"If you want your children to be intelligent, read them fairy tales. If you want them to be more intelligent, read them more fairy tales." Albert Einstein

20 April 2018

A Closed and Common Orbit

Chambers, Becky. A Closed and Common Orbit. Hodder & Stoughton, 2016.

Lovelace was supposed to be the AI aboard the ship, however, due to events in the first book in this series, her program was placed into a body instead and she has been sent to live with Pepper. Pepper is a human who has a complicated past as well, and this book alternates chapters of Pepper's past with the story of Lovelace adapting to being in a body instead of a ship.

That description makes this book sound really dry, which it definitely is not. Sidra (the name Lovelace chooses for herself) has to deal with all the overwhelming sounds and sights of the beings around her all the time, and she has to adjust to being confined to a body with certain programming protocols (for example, she can't lie). In addition, she's not actually allowed to inhabit a body, so her very existence is illegal. Add that to the descriptions of several alien species and their various languages, habits, festivals, etc., and you get a fantastic mix that's perfect for any Star Trek fan.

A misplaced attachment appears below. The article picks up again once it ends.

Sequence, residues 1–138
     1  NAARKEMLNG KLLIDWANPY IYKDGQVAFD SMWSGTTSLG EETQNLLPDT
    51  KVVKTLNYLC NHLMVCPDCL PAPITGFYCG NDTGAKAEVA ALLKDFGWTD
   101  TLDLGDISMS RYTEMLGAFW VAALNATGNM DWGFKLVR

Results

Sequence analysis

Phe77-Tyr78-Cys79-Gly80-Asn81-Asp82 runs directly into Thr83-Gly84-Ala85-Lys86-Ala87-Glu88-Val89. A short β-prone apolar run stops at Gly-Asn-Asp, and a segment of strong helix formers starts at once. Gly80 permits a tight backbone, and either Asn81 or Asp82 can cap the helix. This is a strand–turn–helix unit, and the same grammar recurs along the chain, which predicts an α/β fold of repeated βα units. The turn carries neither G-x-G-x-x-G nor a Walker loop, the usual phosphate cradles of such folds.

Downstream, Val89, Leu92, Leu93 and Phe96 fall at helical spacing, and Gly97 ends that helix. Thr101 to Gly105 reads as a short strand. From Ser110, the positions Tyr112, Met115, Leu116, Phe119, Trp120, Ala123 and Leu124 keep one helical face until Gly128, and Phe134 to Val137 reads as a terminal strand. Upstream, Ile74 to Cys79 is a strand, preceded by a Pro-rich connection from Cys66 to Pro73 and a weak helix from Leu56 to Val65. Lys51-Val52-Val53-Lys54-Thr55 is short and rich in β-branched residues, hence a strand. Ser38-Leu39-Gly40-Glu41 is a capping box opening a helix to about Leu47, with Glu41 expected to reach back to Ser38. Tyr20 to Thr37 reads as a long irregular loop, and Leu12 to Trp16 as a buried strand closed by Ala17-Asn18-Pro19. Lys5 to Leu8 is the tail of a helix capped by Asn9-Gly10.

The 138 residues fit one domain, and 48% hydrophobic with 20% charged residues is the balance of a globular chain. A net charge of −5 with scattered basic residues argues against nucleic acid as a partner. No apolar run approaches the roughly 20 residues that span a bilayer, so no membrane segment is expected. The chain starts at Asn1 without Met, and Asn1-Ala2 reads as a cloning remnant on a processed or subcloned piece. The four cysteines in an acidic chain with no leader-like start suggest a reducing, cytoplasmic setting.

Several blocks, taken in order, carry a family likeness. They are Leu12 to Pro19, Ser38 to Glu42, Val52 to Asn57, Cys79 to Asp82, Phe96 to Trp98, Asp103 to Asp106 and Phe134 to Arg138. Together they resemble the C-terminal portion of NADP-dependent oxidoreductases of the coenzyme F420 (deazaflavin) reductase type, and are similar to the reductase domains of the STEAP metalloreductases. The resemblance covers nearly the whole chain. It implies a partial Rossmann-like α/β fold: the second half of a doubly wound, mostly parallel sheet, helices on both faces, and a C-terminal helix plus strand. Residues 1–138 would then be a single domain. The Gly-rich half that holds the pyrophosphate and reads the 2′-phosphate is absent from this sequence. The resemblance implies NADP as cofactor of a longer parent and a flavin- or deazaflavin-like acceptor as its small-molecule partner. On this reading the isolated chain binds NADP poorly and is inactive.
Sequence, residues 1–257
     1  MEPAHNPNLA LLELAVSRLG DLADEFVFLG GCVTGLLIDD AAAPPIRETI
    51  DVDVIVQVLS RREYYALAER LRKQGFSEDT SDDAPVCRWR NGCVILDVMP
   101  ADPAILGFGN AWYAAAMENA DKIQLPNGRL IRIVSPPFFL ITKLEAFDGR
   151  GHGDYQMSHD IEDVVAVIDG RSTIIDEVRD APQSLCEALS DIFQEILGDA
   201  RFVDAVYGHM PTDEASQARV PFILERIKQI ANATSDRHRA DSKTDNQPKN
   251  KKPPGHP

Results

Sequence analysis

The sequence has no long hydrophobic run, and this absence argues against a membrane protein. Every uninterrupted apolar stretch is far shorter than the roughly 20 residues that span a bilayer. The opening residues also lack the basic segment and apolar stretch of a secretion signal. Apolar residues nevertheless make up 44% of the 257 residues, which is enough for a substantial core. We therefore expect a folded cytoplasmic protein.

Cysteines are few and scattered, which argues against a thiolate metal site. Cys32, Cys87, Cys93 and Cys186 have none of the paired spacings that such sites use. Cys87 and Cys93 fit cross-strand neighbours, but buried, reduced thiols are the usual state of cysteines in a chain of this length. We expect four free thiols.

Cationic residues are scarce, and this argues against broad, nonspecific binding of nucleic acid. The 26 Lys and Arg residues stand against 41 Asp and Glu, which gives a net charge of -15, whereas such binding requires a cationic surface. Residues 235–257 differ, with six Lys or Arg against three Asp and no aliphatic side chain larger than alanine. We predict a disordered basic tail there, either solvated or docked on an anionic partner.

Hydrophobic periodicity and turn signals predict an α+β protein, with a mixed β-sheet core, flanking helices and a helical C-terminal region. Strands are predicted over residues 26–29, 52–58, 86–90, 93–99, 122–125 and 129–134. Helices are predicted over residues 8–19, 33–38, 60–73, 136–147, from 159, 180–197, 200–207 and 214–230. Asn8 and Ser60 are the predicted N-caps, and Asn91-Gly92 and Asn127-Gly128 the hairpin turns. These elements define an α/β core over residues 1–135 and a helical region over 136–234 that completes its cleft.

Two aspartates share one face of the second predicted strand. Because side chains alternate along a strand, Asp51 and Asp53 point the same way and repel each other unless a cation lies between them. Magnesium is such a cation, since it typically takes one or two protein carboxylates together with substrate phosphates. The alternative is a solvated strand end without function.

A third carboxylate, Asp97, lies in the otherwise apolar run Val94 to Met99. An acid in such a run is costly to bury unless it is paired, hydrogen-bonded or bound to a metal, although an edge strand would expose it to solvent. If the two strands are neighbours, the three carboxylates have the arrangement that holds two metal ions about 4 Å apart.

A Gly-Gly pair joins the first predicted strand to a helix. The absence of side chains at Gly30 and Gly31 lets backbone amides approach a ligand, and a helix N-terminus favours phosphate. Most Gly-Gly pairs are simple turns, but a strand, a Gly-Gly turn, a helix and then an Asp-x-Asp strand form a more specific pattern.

On top of this we have Pepper's story. Pepper was bred to be an employee in a factory. She and her fellow workers (it's never clear if they are all clones or whatnot) never see the sunlight and never interact with anyone else. When there's an explosion at the factory, Pepper doesn't even know what to make of the "big blue ceiling" she sees outside the walls. But she escapes and ends up living in an abandoned shuttle, which she works on repairing so she can escape. These sequences are equal parts The Martian, combined with any "escape from a cult" type story you can imagine, because Pepper doesn't know anything about the outside world.

Bottom Line: This book is positively fantastic, and my only complaint is that I've finished reading it and the next one isn't out until later this year. Highly recommended.

Recommended for: teens, adults
Red Flags: Pepper's language develops around the time she turns 14 - she learns to swear and therefore uses her new language abilities extensively
Overall Rating: 5/5 stars

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